- Lots of people travel in this region without speaking the local languages - of course it's good to know a few polite phrases, but realistically given the number of different languages, it's hard to go beyond that. The level of English knowledge varies a lot, just about everyone seems to speak it in Slovenia, and it's widely spoken in all capital cities, but I wouldn't count on finding an English speaker in rural Bulgaria But with a little patience it's rarely a problem.
- You mentioned having a more detailed version of your itinerary. I think what you have posted is already detailed enough, arguably even too detailed. There's no harm in having a day-by-day itinerary so long as you remember its just a guide that can be scrapped at any moment. As you said, accommodation won't be a problem at this time of year, so really you can decide as you go along.
- You may already know this, but learning to read Cyrillic will help you a lot in Bulgaria, and to some extent in Serbia, and a little bit in Montenegro.
- As others have said, Podgorica for 5 days doesn't sound ideal, even as a base for daytrips. Most places of interest are on or near the coast, so you might be better to base yourself in Budva or Kotor, where accommodation will certainly be cheaper. Buses run frequently along the coast road.
Sep 24, 2007 8:28 PM
9Etcap, from doing abit of reading it looks like you are correct. I was thinking of heading to Mostar anyway so that works out well. One concern i have with going that route is not being able to book accommodation online (there is only one listing on hostelworld in Kotor) and i have the impression there aren't many hostels in the region. Do you know of any cheap accommodation you could recommend me in Kotor or somewhere close by i could use as a base?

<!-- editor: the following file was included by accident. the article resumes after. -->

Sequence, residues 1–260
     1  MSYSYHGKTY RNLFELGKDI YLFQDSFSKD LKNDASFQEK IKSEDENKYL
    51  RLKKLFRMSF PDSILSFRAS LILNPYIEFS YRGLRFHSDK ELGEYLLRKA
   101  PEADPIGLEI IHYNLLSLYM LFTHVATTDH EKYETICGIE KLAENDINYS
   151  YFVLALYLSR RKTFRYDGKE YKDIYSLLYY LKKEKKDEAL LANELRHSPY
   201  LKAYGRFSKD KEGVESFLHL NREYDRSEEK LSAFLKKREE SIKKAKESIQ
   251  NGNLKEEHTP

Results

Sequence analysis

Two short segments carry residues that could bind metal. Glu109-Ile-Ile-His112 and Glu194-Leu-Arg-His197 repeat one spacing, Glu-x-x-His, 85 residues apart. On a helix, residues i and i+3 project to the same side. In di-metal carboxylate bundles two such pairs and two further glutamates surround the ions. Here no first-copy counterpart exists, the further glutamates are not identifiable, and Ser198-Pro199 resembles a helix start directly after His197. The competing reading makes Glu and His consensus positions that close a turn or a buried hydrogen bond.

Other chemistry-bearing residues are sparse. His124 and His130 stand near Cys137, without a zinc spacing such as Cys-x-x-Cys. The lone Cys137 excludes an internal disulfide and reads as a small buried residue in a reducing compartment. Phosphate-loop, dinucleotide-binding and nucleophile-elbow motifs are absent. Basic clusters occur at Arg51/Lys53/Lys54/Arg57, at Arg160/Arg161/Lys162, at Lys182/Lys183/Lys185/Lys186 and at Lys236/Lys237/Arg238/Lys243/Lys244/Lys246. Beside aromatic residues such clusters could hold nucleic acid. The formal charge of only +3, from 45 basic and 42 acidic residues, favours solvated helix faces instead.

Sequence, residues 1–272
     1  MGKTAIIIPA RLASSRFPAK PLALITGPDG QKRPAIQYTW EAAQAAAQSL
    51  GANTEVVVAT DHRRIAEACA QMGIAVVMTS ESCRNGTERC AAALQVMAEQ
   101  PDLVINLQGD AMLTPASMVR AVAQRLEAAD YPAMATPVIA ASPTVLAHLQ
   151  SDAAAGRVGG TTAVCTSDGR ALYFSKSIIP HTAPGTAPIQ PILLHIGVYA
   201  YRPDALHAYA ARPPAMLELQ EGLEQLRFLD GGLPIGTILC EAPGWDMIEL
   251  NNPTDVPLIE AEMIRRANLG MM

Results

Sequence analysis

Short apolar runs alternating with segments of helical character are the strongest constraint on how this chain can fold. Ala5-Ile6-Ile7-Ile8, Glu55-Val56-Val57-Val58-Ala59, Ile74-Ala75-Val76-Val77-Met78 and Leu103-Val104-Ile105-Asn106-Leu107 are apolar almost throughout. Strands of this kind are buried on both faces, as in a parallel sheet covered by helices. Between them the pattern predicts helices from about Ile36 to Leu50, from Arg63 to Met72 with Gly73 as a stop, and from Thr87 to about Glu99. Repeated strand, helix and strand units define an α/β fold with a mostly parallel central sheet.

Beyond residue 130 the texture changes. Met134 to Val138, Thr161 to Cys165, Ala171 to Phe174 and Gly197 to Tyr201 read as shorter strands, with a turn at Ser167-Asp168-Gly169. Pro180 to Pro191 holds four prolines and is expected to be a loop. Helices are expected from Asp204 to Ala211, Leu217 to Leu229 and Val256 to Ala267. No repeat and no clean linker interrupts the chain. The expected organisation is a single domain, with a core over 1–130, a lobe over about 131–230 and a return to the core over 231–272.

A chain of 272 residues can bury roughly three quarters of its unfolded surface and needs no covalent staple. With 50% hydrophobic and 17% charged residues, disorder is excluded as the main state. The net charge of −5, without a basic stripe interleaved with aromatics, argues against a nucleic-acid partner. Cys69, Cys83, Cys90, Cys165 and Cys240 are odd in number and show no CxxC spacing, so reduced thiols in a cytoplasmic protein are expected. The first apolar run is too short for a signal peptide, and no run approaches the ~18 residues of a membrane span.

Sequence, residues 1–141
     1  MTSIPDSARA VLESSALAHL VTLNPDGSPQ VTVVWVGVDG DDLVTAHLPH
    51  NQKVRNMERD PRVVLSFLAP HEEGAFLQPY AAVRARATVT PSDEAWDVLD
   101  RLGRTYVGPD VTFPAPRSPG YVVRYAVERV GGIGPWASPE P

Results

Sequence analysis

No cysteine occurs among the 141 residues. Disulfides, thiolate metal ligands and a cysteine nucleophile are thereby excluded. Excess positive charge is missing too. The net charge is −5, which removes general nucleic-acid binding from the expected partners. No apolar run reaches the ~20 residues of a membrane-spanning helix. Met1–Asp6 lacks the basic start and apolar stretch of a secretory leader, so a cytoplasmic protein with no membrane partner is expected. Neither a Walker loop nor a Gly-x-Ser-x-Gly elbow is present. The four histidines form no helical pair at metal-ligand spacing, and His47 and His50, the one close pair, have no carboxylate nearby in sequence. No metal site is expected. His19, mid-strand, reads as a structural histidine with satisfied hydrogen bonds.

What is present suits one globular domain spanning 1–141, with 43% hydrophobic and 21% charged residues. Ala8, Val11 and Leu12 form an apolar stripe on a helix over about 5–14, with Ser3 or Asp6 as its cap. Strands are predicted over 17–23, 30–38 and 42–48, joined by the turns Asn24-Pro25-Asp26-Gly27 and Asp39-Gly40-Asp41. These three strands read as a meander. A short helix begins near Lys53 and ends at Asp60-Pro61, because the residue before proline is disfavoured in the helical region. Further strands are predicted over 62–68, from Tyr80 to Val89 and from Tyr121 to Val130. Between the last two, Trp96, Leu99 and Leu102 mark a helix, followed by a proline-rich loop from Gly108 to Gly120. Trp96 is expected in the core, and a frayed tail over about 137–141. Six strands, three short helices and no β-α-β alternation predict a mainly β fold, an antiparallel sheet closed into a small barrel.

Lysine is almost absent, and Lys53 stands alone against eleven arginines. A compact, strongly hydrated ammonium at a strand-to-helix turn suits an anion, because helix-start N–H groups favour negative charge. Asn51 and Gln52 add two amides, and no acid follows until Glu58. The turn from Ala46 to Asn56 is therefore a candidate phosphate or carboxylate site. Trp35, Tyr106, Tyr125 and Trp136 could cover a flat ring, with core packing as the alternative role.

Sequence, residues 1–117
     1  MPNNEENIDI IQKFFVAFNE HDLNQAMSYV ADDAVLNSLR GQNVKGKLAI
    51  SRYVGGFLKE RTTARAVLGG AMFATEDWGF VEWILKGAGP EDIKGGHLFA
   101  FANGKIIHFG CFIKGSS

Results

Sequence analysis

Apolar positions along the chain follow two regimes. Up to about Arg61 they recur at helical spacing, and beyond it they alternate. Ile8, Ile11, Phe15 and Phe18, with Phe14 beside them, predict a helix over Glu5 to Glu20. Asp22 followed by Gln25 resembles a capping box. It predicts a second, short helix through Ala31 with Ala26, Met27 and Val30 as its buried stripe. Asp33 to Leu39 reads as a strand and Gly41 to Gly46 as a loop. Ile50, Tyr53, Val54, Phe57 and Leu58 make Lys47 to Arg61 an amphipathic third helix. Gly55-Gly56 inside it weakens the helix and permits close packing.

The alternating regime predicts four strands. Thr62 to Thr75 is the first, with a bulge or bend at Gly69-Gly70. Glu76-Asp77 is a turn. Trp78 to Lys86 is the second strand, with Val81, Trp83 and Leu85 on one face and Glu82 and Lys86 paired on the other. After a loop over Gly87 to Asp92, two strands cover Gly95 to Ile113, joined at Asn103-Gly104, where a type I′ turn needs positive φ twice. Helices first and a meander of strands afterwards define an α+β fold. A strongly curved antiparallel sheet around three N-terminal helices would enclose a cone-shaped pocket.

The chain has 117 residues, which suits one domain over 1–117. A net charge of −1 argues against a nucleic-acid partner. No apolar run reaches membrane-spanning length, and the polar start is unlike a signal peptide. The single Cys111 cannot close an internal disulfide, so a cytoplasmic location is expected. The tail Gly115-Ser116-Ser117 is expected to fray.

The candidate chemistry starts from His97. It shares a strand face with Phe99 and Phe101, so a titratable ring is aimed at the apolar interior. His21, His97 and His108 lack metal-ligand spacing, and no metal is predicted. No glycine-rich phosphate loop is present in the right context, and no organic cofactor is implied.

Sorry about the confusion, I meant 'Belgrade' not 'Bosnia':) Perhaps i could travel Mostar-Kotor, Podgorica-Belgrade, Belgrade-Sofia? The balkanology site is great! Very useful and informative :)
Sep 24, 2007 8:42 PM
10In Montenegro (and some of the other countries) the accommodation bookable online is only a tiny fraction of that actually available. Loads of people on the coast, and Zabljak too, rent rooms to visitors, and off-season they should be good value. Ask at travel agencies locally, anwhere advertising "sobe".
Sarajevo-Mostar-Dubrovnik-Kotor-Podgorica-Belgrade-Sofia is a logical route. As I mentioned already, consider allocating more time to Serbia in general and Belgrade in particular, given that you'll be passing through anyway. Belgrade is not beautiful but it's a very interesting city, and an important one to get a feel for the area's history. Also as a bit city it offers more bad-weather possibilities than many of your other destinations - sorry to mention the weather again, it reflects my own experiences in the Balkans in the last year! To give you an idea how unpredictable it can be: earlier this month I was in Sarajevo. The day before I arrived they had temperatures of 35 degrees centigrade. Two days after I arrived the max temperature was 11 degrees, and snow was visible on the mountains.